Could Bank Leumi le- Israel B.M. (TLV:LUMI) be an attractive dividend share to own for the long haul? Investors are often drawn to strong companies with the idea of reinvesting the dividends. On the other hand, investors have been known to buy a stock because of its yield, and then lose money if the company’s dividend doesn’t live up to expectations.
With a goodly-sized dividend yield despite a relatively short payment history, investors might be wondering if Bank Leumi le- Israel B.M is a new dividend aristocrat in the making. It sure looks interesting on these metrics – but there’s always more to the story . The company also returned around 1.9% of its market capitalisation to shareholders in the form of stock buybacks over the past year. Before you buy any stock for its dividend however, you should always remember Warren Buffett’s two rules: 1) Don’t lose money, and 2) Remember rule #1. We’ll run through some checks below to help with this.
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TASE:LUMI Historical Dividend Yield, January 6th 2020
Dividends are typically paid from company earnings. If a company pays more in dividends than it earned, then the dividend might become unsustainable – hardly an ideal situation. Comparing dividend payments to a company’s net profit after tax is a simple way of reality-checking whether a dividend is sustainable. In the last year, Bank Leumi le- Israel B.M paid out 40% of its profit as dividends. This is a middling range that strikes a nice balance between paying dividends to shareholders, and retaining enough earnings to invest in future growth. One of the risks is that management reinvests the retained capital poorly instead of paying a higher dividend.
Remember, you can always get a snapshot of Bank Leumi le- Israel B.M’s latest financial position, by checking our visualisation of its financial health.
From the perspective of an income investor who wants to earn dividends for many years, there is not much point buying a stock if its dividend is regularly cut or is not reliable. Looking at the last decade of data, we can see that Bank Leumi le- Israel B.M paid its first dividend at least nine years ago. Although it has been paying a dividend for several years now, the dividend has been cut at least once by more than 20%, and we’re cautious about the consistency of its dividend across a full economic cycle. During the past nine-year period, the first annual payment was ₪0.68 in 2011, compared to ₪0.87 last year. Dividends per share have grown at approximately 2.7% per year over this time. Bank Leumi le- Israel B.M’s dividend payments have fluctuated, so it hasn’t grown 2.7% every year, but the CAGR is a useful rule of thumb for approximating the historical growth.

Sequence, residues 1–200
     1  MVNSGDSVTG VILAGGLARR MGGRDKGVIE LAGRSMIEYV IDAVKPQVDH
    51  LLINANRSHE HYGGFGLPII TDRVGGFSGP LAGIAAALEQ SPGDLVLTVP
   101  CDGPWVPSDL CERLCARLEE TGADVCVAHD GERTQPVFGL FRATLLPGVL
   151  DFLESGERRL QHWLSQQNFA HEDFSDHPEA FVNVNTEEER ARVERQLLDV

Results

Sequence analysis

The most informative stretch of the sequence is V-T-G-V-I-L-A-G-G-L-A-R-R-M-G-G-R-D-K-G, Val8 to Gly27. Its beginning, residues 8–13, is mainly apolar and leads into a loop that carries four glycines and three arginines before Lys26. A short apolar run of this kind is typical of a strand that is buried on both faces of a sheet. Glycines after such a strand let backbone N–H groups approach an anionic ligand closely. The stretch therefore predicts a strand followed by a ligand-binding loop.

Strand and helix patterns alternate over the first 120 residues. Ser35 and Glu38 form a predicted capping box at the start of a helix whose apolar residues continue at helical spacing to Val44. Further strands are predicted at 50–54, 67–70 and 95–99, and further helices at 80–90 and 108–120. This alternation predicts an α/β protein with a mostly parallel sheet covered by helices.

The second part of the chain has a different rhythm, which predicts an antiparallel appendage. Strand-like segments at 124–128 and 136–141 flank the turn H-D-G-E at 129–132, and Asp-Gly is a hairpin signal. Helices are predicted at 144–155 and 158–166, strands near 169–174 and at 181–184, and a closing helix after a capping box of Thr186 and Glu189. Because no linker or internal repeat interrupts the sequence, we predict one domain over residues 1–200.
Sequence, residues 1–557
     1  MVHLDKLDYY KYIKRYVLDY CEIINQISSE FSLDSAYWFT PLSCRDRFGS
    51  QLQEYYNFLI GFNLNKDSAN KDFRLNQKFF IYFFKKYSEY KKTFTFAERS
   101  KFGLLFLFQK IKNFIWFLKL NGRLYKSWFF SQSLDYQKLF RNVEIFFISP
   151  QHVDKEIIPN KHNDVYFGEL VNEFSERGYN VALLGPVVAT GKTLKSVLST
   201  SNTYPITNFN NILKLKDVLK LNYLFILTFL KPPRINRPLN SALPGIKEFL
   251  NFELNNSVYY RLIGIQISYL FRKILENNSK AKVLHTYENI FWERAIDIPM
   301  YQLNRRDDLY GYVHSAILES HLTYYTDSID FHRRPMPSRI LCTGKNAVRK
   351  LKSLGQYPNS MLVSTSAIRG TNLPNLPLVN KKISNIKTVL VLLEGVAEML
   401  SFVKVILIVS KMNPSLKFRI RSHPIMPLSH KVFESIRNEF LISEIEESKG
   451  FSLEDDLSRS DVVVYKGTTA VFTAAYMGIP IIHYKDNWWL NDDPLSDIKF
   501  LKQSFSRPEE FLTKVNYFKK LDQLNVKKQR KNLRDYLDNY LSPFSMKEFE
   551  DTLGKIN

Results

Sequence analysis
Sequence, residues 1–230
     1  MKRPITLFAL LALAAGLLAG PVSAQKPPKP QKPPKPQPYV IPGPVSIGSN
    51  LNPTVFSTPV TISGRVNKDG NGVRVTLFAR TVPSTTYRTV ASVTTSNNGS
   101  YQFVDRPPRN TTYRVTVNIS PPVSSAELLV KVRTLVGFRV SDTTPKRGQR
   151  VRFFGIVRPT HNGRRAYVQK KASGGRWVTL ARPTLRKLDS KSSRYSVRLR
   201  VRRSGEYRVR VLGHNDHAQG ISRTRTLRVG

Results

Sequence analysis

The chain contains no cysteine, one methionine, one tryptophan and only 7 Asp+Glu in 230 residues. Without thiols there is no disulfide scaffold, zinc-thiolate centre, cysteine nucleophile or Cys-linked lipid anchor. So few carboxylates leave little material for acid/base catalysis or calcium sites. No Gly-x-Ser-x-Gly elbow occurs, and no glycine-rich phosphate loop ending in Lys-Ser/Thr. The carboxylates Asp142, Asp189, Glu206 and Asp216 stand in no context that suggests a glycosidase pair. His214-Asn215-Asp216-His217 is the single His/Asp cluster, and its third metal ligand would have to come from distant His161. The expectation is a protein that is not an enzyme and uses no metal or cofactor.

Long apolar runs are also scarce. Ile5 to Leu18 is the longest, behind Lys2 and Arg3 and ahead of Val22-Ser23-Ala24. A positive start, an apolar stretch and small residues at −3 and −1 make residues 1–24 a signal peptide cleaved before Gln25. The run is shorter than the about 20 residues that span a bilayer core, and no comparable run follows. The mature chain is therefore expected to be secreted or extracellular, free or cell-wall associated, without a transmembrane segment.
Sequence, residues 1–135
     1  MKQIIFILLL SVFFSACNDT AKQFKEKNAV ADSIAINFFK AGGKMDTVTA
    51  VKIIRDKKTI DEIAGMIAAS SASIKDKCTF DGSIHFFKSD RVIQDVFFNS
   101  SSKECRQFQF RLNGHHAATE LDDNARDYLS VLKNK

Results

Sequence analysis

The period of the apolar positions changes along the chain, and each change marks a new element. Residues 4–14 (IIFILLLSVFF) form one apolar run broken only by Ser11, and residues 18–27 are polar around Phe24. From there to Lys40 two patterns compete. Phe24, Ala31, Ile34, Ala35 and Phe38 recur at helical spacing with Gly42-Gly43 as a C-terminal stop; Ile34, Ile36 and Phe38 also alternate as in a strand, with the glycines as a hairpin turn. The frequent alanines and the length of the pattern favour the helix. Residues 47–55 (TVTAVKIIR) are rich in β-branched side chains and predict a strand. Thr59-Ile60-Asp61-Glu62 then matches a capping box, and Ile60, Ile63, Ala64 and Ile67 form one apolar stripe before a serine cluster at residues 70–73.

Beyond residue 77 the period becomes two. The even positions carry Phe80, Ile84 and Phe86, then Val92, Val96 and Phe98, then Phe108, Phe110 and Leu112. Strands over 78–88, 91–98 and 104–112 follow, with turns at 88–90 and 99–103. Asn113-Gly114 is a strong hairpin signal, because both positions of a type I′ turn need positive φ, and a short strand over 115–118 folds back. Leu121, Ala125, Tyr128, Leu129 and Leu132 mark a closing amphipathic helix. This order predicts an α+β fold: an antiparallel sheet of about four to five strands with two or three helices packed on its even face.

It’s good to see some dividend growth, but the dividend has been cut at least once, and the size of the cut would eliminate most of the growth, anyway. We’re not that enthused by this.
Dividend Growth Potential
Given that the dividend has been cut in the past, we need to check if earnings are growing and if that might lead to stronger dividends in the future. Strong earnings per share (EPS) growth might encourage our interest in the company despite fluctuating dividends, which is why it’s great to see Bank Leumi le- Israel B.M has grown its earnings per share at 12% per annum over the past five years. A company paying out less than a quarter of its earnings as dividends, and growing earnings at more than 10% per annum, looks to be right in the cusp of its growth phase. At the right price, we might be interested.
When we look at a dividend stock, we need to form a judgement on whether the dividend will grow, if the company is able to maintain it in a wide range of economic circumstances, and if the dividend payout is sustainable. Firstly, we like that Bank Leumi le- Israel B.M has a low and conservative payout ratio. We were also glad to see it growing earnings, but it was concerning to see the dividend has been cut at least once in the past. Bank Leumi le- Israel B.M has a number of positive attributes, but falls short of our ideal dividend company. It may be worth a look at the right price, though.
Now, if you want to look closer, it would be worth checking out our free research on Bank Leumi le- Israel B.M management tenure, salary, and performance.
Looking for more high-yielding dividend ideas? Try our curated list of dividend stocks with a yield above 3%.
If you spot an error that warrants correction, please contact the editor at firstname.lastname@example.org. This article by Simply Wall St is general in nature. It does not constitute a recommendation to buy or sell any stock, and does not take account of your objectives, or your financial situation. Simply Wall St has no position in the stocks mentioned.
We aim to bring you long-term focused research analysis driven by fundamental data. Note that our analysis may not factor in the latest price-sensitive company announcements or qualitative material. Thank you for reading.
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